Last Monday was Three Kings’ Day. Throughout the land adults handed children pieces of cake to eat in the certain knowledge that each cake contained a piece of hard plastic almost the same colour as the dough itself. It is a difficult concept for the British to understand; a child could so easily choke on such an foreign body in their food, or at best crack a tooth.

Yet somehow Swiss children are brought up to be so careful that they neither choke to death or have to be rushed off to the dentist. Just as surprising Swiss bakers have no fear of being sued by angry parents of injured children.

British children are so prone to danger that such innocent items as plastic bags need large messages on them warning parents not to give them to their offspring to play with lest they put the bag over their young heads and suffocate. British bag manufacturers supply their products with holes in to facilitate breathing for the children of parents who cannot read the warnings. The only messages on Swiss plastic bags is about them being recyclable.

Such is the Swiss ability to deal with dangers of life that I discovered to my horror that we were expected to lock the front door of our first flat we rented in Switzerland with a key every night between 8pm and 6am. The only way we could open the front door was with a key. Why was I horrified? In case there was a fire. We lived on the second floor. I had images of feeling my way down a smoke-filled staircase to escape, only to find the front door locked and my key still two floors up somewhere in our flat. There were neither fire escape, nor fire-retarding doors on each floor, nor emergency lighting powered by battery, nor a smoke alarm, nor exit doors that can always be opened from the inside without a key. All of which are required by law in the UK in any building occupied by more than one family. We were by no means unique in being locked in at night, I soon discovered that many Swiss flat dwellers are locked in at night.

Fortunately we were able to survive the four years we lived there without a fire breaking out. Just as last month we survived another Swiss Christmas without burning our house to the ground thanks to real candles on a real Christmas tree. The rest of the world has long since realised the dangers of mixing fir and fire and are content with electric lights on their trees. We British are even content with a plastic tree that can be re-used each year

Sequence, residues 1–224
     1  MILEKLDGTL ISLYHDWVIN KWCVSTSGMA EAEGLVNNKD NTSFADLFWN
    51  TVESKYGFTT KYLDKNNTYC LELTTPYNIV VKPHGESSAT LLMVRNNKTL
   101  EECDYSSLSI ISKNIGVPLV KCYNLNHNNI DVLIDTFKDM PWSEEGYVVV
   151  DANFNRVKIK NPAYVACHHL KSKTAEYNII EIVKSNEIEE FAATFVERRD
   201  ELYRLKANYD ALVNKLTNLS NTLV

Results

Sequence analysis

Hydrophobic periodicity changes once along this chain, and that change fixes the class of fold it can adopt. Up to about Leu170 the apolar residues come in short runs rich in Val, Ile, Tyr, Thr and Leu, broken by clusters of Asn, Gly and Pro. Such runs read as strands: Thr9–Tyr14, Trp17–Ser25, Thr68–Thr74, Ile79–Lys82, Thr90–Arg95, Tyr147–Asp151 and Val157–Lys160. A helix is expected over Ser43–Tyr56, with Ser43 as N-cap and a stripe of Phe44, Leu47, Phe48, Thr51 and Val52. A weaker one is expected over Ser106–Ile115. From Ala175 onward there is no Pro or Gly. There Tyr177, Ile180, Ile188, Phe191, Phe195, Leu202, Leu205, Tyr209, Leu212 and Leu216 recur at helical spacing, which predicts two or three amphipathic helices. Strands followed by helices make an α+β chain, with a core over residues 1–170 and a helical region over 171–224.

Switzerland really has a remarkable attitude towards safety, both in the home and public places. On discovering the potential fire trap we were living in, I went out to buy a smoke alarm to put on the ceiling of our flat. These are available widely throughout the UK and USA for about Fr12 and simply require a battery and can be attached to a hall ceiling with double sided sticky tape. At the first sign of smoke they emit a piercing alarm and alert the occupants of a flat to the danger of fire before the smoke asphyxiates them: most deaths being caused by smoke not the fire itself. One has to look long and hard In Switzerland to find a smoke alarm and when located, expect to pay Fr50 upwards.

It is some 20 years since UK TV consumer programmes warned of the dangers of lifts in Spanish hotels without inner doors. Once again British children were at the source of the problem and were losing arms in these lifts in horrific accidents. Yet what do I see in office buildings here? Lifts without inner doors. But here everyone still has both arms attached.

The ski season is upon us and responsible parents will equip their children with crash helmets for skiing and snowboarding. But after a day’s safe skiing, the helmets are removed and put in the trunk of the car and those same children often travel loose in the back of the car without either a child safety seat or a seat belt while those same parents drive at 120kph (or more), bumper to bumper on the journey home. I have witnessed children loose in cars many times and seen them even seated on the laps of front seat passengers.

It is remarkable to me, as an Englishman who even uses a seat belt when parked, how many drivers in Switzerland drive without seat belts – even though you can receive an on-the-spot fine for so doing. Only 66% of Swiss drivers wear seat belts in towns. But if 93% of drivers wore seat belts, as in the UK, the Swiss police would lose a valuable source of income. Sit on a bus or tram and look at the passing traffic, you’ll soon see what I mean. The so-called professional drivers are the worst offenders – truck, van and taxi drivers including, quite incredulously, the police themselves.

Perhaps the difference in our two countries’ attitude to safety is shown in warning signs. In German-speaking Switzerland signs warn of “Lebensgefahr” [life danger] in England this is “Todesgefahr” [danger of death].